Berlin’s startup scene is all grown up – and its cheap rents and plentiful co-working spaces are still attracting a diverse mix of entrepreneurs.
A few years ago, new entrepreneurs would come to Berlin for the lifestyle, says startup consultant Christoph Sollich, aka the Pitch Doctor. “Now you see an influx of experienced founders on their second and third idea.” Cheaper than Munich, Hamburg, London and Paris, it’s a magnet for southern and eastern European companies starting up their businesses from the city’s plentiful co-working spaces, while its nightlife remains among Europe’s best. If you’ve got the right idea, the city’s many corporate-sponsored accelerators, including Bayer’s healthtech-focused campus, will snap you up quickly, too.
This community photography website was founded in 2011 and has spent the past seven years building up a database of more than 20 million professional and budding photographers, all of whom are able to sell their work to businesses looking to license stock images, with suggestions for which images to use made by computer-vision technology. It’s closing in on 100 million images on its online portfolio, and continues to grow, thanks to £67 million in funding to fuel its expansion. EyeEm has also found a lucrative sideline in licensing its AI tech to smartphone manufacturers: LG is the latest to use EyeEm’s platform.
Berlin’s digital bank disrupted the staid German banking industry, and now it’s coming for the UK and US. Co-founded by Maximilian Tayenthal and Valentin Stalf, N26 already provides banking services for nearly a million customers in 17 European countries outside of Germany – not bad for a bank started in 2015. Peter Thiel and Hong Kong billionaire Li Ka-shing are among the investors to pump £158 million into the firm. Its premise is simple: consumers nowadays don’t want to queue for services at a bank branch that a couple of taps on a mobile phone can provide. Expect it to shake up Britain’s banking sector when it arrives on these shores later in 2018.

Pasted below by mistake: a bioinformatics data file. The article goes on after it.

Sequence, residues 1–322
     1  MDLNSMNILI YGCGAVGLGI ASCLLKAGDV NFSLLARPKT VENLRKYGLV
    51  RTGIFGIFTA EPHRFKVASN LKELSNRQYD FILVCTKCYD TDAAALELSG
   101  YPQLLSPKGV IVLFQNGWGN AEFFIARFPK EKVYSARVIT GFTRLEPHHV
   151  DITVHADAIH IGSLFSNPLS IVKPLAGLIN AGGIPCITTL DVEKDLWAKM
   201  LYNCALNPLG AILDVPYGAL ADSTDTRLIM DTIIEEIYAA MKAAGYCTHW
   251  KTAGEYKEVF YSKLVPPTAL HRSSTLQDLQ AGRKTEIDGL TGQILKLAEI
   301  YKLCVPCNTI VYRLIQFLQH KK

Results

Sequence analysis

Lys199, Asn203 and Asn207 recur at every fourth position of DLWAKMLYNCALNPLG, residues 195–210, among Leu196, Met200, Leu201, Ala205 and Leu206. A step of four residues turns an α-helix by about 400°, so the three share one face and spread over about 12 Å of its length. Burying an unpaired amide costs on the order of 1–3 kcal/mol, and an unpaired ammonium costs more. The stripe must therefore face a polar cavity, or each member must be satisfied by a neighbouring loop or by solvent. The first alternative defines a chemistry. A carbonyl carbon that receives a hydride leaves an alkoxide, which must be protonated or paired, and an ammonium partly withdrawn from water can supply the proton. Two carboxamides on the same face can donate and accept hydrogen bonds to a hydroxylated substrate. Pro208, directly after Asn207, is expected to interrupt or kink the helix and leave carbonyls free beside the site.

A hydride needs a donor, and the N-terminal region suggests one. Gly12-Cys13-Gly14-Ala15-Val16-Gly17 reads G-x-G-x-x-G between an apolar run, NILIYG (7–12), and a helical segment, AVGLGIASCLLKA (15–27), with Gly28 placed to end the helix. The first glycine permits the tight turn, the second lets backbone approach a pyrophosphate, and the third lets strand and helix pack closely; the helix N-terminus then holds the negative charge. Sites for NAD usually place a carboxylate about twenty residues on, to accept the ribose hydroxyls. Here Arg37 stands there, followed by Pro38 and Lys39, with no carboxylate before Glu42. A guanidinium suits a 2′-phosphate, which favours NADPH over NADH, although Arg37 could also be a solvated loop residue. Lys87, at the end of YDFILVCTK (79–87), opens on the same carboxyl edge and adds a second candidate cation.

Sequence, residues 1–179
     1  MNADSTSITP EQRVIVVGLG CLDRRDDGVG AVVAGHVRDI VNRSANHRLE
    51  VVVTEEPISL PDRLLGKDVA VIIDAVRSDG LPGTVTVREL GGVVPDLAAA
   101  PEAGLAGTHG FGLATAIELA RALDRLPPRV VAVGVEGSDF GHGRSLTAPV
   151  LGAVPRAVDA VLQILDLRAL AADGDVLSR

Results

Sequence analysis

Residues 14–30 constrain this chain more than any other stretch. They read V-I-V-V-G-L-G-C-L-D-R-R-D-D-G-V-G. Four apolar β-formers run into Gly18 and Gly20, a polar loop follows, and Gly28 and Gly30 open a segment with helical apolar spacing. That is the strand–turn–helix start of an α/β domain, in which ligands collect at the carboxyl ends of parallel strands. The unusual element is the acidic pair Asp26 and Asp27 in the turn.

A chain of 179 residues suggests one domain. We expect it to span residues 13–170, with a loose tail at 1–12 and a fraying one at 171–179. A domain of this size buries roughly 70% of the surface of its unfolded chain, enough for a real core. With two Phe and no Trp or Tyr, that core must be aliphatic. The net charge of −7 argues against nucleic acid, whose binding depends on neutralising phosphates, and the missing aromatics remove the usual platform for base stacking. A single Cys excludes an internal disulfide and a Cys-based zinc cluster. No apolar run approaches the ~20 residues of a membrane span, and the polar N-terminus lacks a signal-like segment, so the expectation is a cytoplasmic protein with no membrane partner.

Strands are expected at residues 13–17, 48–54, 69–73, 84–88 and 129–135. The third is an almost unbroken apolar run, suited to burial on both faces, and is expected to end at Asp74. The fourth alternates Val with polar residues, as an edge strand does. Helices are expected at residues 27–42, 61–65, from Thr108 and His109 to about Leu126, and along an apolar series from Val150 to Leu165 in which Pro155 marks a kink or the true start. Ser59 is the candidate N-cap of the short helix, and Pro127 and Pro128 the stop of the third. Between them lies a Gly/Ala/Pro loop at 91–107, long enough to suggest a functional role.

The phrase “the world is your oyster” has rarely been more apt than when browsing GetYourGuide, the world’s largest online tourism and tour attractions booking site. Since launching in 2009, the company has been building up its corpus of activities in destinations for tourists to book, buoyed by €170 million in investment. It now offers more than 34,000 experiences around the world, from deep-sea diving to climbing the Eiffel Tower, on its site. In that time the company has expanded, too: it’s nearing 400 staff, and is backed by Kees Koolen, the former chairman and CEO of Booking.com.
It took a while for online used-car marketplace AUTO1 Group to get noticed, but when it did it start to make waves. The company, which sold 224 cars in 2012, its first year of operations, closed a £315 million funding round in 2017, valuing it at $2.8 billion. Five years quietly building its business outside of the limelight has made Christian Bertermann and Hakan Koç’s company a safe bet for success. With a 3,000-strong workforce in more than 30 countries – and a stock of more than 40,000 cars to sell – it’s continuing to grow at a prodigious rate.